Art—and artists—imitating Grace
by Patrick Lafferty
Unless your righteousness exceeds that of the scribes and the Pharisees, you cannot enter the kingdom of heaven.
Each year at the Cannes Film Festival, one work is selected to receive the festival’s highest accolade, the Palme D’ Or (the “Golden Palm”). Previous winners of the top honor include Apocalypse Now, Paris, Texas, The Mission, and Barton Fink.
As Cannes gathers artists and journalists from the highest echelons of their respective trades, it is typical for producers and directors to move from behind the cameras into the limelight by sharing interviews alongside the actors who bring their artistic vision to life. The elaboration on their creative powers serves both to remove the mystery behind directors’ impulses and to promote their work in the channels that will make or break the success of the film.
The winner of this year’s Palme was The Tree of Life, directed by Terence Malick, known for his capable handling of transcendent themes in previous works like The New World and The Thin Red Line. The awarding of this year’s Palme was atypical on two counts. For one, Tree of Life was almost panned as much as it was championed, its themes provoking as much disgust as delight. Then on the day the media came forth to interview the film’s cast and crew, Malick refused to appear. It was a move true-to-form for the reclusive director, but with his provocative work on the verge of receiving illustrious commendation, his absence nearly tempted fate to pass him by. Context came from one of the film’s stars, Brad Pitt, ”It is an odd thing for an artist to sculpt something and then be salesman.”
The Tree of Life, to many (myself included), defies categorization. It is as much art piece as story, the plot nearly obscured by the richness of the visual and aural elements. It traffics in some of the same, almost infuriatingly, cryptic imagery of Stanley Kubrick’s 2001: A Space Odyssey, but it retains a clear idea at its core: any goodness to be found in this both glorious and hazardous world requires a choice as to how one faces what the world offers. I promise not to spoil your viewing, but early in the film, one character breathily voices the story’s moral framework:
. . .there were two ways through life - the way of nature and the way of grace. Grace doesn't try to please itself. Accepts being slighted, forgotten, disliked. Accepts insults and injuries. . . .Nature only wants to please itself. Get others to please it too. Likes to lord it over them. To have its own way. It finds reasons to be unhappy when all the world is shining around it. And love is smiling through all things.
Those two ways collide within a single family as the film tries to find a way out of the carnage wrought by both the collision and the vicissitudes of life in general.
As Malick portrays the way of grace in all its shimmering brilliance and roaring wonder, I believe we receive yet another image of the righteousness we heard unpacked last Sunday—the righteousness that exceeded that of scribes and Pharisees, and without which none will ever see or exult in God.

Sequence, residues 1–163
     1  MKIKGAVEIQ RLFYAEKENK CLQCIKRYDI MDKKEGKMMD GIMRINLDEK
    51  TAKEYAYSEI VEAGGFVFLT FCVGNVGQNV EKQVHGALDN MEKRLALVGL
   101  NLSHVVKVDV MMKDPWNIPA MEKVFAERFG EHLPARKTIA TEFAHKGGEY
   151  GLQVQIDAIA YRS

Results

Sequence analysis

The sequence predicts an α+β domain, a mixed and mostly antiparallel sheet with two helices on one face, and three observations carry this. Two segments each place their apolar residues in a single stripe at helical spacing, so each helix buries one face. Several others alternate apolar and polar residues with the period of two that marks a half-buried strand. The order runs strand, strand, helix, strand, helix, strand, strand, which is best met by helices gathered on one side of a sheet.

How does this way of grace resonate with this righteousness Jesus embodies and, in a sense, requires? As Jesus commends an internal piety over an external formalism, so this way of grace is only possible if there is a deeply internal contentment. A merely outward saintliness could never remain cheerful amid an onslaught of derision.
Similarly, the righteousness Jesus speaks of cares not a whit about being seen or respected. Its satisfaction comes simply from knowing it pleases God, that God is the greatest treasure. The way of grace—vividly portrayed in the film and maybe even subtly insinuated by Malick’s no-show—rests on a confidence that though the earth may shake, causing our treasures and dreams to crumble, there remains a truth unshakeable that sustains a wellness of soul.
The Tree of Life, though not the light, points, I believe, to the Light. It envisions a kind of living we all dream of—one that sees a shining world in which love smiles through all of it, even in our sorrows. At the same time Malick’s film implicitly asks us where we might find those eyes that enable us to see the world’s brilliance, in both its dark and gleaming moments. Those eyes we find—we can only find—in Jesus and what He has done to bring us this righteousness.
You will accept being slighted, injured, or worse if only you know you’ve been accepted for reasons unrelated to any skill or accomplishment—and for reasons no failure can invalidate. You will see no need to incessantly stimulate your pleasure centers, if only you recognize your greatest pleasure is found in pleasing God. And you will find your reasons for happiness if only you know God is and shall be eternally happy with you. All those if only’s rest on what Christ has done. He demonstrates that righteousness for you, reckons it to you, and thereby makes it true in you. The way of grace is then opened to you.
What does your life in this season tend to reflect more: the way of nature—or grace? As another character is brought to his knees in contrition, so must we all—fundamentally and repeatedly:
I wanted to be loved because I was great; A big man. I'm nothing. Look at the glory around us; trees, birds. I lived in shame. I dishonored it all, and didn't notice the glory. I'm a foolish man.
Who but the God-man can convince us of our folly? What but His righteousness can restore to us, and sustain in us, our sense of this world’s brilliance? “And from his fullness we have all received, grace upon grace” (John 1:16).